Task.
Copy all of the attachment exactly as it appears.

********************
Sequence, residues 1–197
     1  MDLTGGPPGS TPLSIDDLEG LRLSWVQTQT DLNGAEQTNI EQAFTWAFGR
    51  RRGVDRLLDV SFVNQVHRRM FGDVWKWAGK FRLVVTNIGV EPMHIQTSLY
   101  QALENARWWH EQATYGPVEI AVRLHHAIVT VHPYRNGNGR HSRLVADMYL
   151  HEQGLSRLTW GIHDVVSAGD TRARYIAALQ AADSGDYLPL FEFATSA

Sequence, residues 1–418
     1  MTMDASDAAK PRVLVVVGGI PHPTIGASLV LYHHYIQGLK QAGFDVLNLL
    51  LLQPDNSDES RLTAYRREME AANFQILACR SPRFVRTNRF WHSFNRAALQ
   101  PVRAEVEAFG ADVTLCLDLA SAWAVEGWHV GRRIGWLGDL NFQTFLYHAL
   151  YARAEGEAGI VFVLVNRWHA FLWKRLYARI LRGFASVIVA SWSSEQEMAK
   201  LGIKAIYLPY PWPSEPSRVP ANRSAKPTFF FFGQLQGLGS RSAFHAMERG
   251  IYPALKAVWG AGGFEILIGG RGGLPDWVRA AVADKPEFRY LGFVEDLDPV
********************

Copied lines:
Sequence, residues 1–197
     1  MDLTGGPPGS TPLSIDDLEG LRLSWVQTQT DLNGAEQTNI EQAFTWAFGR
    51  RRGVDRLLDV SFVNQVHRRM FGDVWKWAGK FRLVVTNIGV EPMHIQTSLY
   101  QALENARWWH EQATYGPVEI AVRLHHAIVT VHPYRNGNGR HSRLVADMYL
   151  HEQGLSRLTW GIHDVVSAGD TRARYIAALQ AADSGDYLPL FEFATSA

Sequence, residues 1–418
     1  MTMDASDAAK PRVLVVVGGI PHPTIGASLV LYHHYIQGLK QAGFDVLNLL
    51  LLQPDNSDES RLTAYRREME AANFQILACR SPRFVRTNRF WHSFNRAALQ
   101  PVRAEVEAFG ADVTLCLDLA SAWAVEGWHV GRRIGWLGDL NFQTFLYHAL
   151  YARAEGEAGI VFVLVNRWHA FLWKRLYARI LRGFASVIVA SWSSEQEMAK
   201  LGIKAIYLPY PWPSEPSRVP ANRSAKPTFF FFGQLQGLGS RSAFHAMERG
   251  IYPALKAVWG AGGFEILIGG RGGLPDWVRA AVADKPEFRY LGFVEDLDPV